“Zemlinsky passionately loved the human voice.”
Why did Zemlinsky’s music meet resistance? Reductionism and categorisation played a powerful role in the twentieth century, and his music was hard to categorise. He had a singular voice, to which he remained obstinately faithful. Too modern for conservatives, too resistant to the avant-garde, he did not fit into convenient categories. No artist or work of art is obliged to conform; the only requirement is to be consistent with its essence. If that is confusing to others, so be it. Judging a category of works, or judging a work by its category, is to do a fundamental injustice.
Zemlinsky passionately loved the human voice and the marriage of word and music. His works reflect this. When one counts the lieder, the operas, the choral works, the orchestral song cycles, one sees that apart from the string quartets (which are among his greatest works), little remains. He paid a price. His music could not be used as a vehicle for success. He wrote no piano literature, no concerti, and few pieces for orchestra without singers. The Lyrische Symphonie, his masterpiece, requires two great soloists, which might have discouraged some conductors from performing it. His publishers urged him to produce a work for orchestra alone so that, in their words, “conductors too vain to share the stage with others might champion him.” The resulting Sinfonietta, the only work performed and broadcast in America during his lifetime, was performed by Dimitri Mitropoulos and the New York Philharmonic in Carnegie Hall. By then, unfortunately, the composer was too ill to attend the performance.
Certain great twentieth-century composers were virtually unknown except for one or two pieces. Sibelius was, for many, the composer of Finlandia. His name and music travelled the world with the violinists who played his concerto. More than half the century had passed before his prolific output was universally recognised. Had Zemlinsky written a concerto, his story might have been different. Had he written more symphonies or orchestral pieces, it might have been different. Had he had a better business sense, or talent for self-promotion, it might have been different.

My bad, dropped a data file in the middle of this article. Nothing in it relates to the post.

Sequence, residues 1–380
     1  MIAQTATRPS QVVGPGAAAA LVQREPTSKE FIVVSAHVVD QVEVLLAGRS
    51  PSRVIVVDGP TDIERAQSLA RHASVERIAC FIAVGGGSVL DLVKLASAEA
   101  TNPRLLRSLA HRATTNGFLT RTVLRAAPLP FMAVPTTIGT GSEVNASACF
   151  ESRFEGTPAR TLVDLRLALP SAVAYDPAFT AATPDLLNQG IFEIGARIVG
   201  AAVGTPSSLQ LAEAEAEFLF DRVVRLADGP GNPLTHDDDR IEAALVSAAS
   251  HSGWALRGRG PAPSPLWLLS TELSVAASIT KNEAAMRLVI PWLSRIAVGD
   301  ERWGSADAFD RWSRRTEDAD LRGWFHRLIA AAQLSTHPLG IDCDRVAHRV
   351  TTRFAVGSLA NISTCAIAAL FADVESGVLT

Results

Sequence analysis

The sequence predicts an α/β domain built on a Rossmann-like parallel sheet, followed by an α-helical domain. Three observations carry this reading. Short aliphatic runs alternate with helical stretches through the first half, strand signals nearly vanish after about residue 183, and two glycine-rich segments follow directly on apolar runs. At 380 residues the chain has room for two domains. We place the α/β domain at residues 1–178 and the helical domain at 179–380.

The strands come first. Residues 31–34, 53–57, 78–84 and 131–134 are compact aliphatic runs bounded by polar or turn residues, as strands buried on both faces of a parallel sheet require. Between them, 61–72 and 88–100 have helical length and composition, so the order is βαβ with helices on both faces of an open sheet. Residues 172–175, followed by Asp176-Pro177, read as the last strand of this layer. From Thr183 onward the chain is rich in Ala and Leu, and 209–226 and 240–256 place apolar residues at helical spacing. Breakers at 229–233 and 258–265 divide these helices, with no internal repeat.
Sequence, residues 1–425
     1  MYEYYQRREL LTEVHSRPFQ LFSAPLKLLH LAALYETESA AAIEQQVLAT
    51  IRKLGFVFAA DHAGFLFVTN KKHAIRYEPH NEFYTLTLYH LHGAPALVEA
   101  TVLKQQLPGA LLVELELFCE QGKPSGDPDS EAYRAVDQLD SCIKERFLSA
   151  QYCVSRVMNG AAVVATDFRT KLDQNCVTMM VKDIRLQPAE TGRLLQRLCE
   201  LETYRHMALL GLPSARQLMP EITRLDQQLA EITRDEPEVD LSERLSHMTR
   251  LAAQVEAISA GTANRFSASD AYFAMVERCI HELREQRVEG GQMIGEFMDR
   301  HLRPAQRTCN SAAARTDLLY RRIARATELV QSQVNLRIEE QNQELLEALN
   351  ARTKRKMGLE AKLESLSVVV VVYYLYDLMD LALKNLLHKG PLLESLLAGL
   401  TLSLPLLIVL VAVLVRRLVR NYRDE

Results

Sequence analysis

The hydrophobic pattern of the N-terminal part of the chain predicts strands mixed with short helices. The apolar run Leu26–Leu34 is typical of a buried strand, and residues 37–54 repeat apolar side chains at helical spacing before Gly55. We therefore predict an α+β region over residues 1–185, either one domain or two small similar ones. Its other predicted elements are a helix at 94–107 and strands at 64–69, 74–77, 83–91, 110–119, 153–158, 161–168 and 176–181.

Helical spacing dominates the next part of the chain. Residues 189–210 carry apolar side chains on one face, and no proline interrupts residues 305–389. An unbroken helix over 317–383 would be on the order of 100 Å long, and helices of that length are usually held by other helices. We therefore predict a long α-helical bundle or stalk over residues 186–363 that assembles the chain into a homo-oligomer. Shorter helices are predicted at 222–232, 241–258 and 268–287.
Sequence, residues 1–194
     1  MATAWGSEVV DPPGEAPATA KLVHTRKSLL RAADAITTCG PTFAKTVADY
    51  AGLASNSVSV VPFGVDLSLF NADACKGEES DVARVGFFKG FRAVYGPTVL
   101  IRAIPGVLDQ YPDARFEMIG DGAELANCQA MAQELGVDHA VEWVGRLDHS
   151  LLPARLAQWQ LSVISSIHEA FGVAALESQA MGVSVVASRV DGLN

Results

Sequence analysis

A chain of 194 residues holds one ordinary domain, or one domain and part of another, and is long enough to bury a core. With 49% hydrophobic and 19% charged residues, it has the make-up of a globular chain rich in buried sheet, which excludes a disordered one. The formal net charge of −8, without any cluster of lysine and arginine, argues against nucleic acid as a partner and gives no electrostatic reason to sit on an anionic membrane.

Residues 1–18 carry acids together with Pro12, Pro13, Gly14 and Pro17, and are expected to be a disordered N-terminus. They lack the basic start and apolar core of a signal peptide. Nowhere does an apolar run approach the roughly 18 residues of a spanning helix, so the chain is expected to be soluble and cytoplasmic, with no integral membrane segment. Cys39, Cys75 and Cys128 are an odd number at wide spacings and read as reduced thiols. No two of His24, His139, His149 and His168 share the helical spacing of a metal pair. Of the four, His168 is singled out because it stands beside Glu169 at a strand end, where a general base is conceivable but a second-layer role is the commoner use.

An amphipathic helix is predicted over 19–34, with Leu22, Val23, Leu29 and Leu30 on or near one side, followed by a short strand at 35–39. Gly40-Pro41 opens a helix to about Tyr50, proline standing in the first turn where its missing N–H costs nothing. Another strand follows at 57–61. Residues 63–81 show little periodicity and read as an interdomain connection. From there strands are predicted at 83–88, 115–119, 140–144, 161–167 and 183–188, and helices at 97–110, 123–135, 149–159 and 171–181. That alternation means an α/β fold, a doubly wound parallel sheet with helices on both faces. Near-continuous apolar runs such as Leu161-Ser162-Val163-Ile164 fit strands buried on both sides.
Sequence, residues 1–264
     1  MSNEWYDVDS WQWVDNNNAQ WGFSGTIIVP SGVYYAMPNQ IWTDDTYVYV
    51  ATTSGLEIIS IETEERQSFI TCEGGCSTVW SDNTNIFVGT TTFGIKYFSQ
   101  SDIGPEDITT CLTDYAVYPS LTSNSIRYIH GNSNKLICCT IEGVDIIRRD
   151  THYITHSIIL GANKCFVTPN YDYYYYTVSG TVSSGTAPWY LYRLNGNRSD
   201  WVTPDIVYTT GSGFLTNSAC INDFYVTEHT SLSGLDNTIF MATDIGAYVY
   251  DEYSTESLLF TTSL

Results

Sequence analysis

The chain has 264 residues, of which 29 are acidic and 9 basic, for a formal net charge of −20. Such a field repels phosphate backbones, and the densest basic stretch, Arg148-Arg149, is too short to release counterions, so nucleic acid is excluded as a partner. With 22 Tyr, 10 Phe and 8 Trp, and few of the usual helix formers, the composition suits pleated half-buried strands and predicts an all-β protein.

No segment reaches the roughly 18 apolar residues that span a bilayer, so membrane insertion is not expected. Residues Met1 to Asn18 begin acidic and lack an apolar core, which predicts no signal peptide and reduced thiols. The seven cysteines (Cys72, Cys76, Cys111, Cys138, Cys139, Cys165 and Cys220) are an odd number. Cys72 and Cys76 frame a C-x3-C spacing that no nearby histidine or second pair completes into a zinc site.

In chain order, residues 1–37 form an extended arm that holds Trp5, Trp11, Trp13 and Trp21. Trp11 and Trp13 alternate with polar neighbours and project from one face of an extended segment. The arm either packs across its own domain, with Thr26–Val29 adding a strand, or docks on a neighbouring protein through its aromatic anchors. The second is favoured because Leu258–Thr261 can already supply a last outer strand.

One thing is sure; the Nazi regime’s suppression of Jewish composers finished him. The post-war years, for a variety of reasons, did not revive his music.
For musicians and musicologists, the complexity of Zemlinsky’s music, its technical structure and motivic development, are worthy of study. Like his Viennese contemporaries Schönberg, Berg, Schreker and, in their different ways, Mahler and Strauss, he threaded the needle of the Brahms/Wagner polemics with his own synthesis. The compositional discipline of Brahms and the harmonic, theatrical and dramatic aspects of Wagner’s genius were in no way lost on him. Schönberg himself, towards the end of his life, stated that Zemlinsky understood musical theatre better than anyone else in the twentieth century.
I admire and love the richness of his music, as I do his honesty and courage in refusing to conform. He was avant-garde at the time it was consistent with his nature. But when the avant-garde turned one way, he went another. It is not that he couldn’t continue in the same direction as Schönberg (he certainly had the compositional mastery to do so); he would not. He was to pay for his convictions, both in his lifetime and, above all, in the post-war period of compositional orthodoxies.
Those post-war prejudices are past. Now is the time to hear Zemlinsky’s music. With its deep humanity, passion, eroticism, fearless portrayal of ugliness and beauty, it captures the seismic (Adorno’s metaphor) turbulence of his times and renders it meaningful today. Judgments, if they must be made, should be based on a deep knowledge of his works, not on superficial acquaintance, a casual hearing or a priori opinions. Tokenistic performances of his works are useless. Passionate, committed ones will eventually make the point.
Mahler’s famous remark, that his “time will come,” is echoed by Schönberg’s assessment of Zemlinsky. I am convinced that, though it may take another generation, his music will gain the position it deserves. Greater familiarity with his vocabulary will facilitate this. In my experience, certain works (Lyrische Symphonie, Die Seejungfrau and, above all, Der Zwerg), make their point powerfully, even on a first hearing. My mission is to beat the Zemlinsky drum and help rescue his music from the wreckage of the twentieth century. His admirers are multiplying as the movement gains momentum. To the skeptical, I answer Schönberg and Berg deeply admired Zemlinsky; it is only a matter of time before the classical music world catches up to them.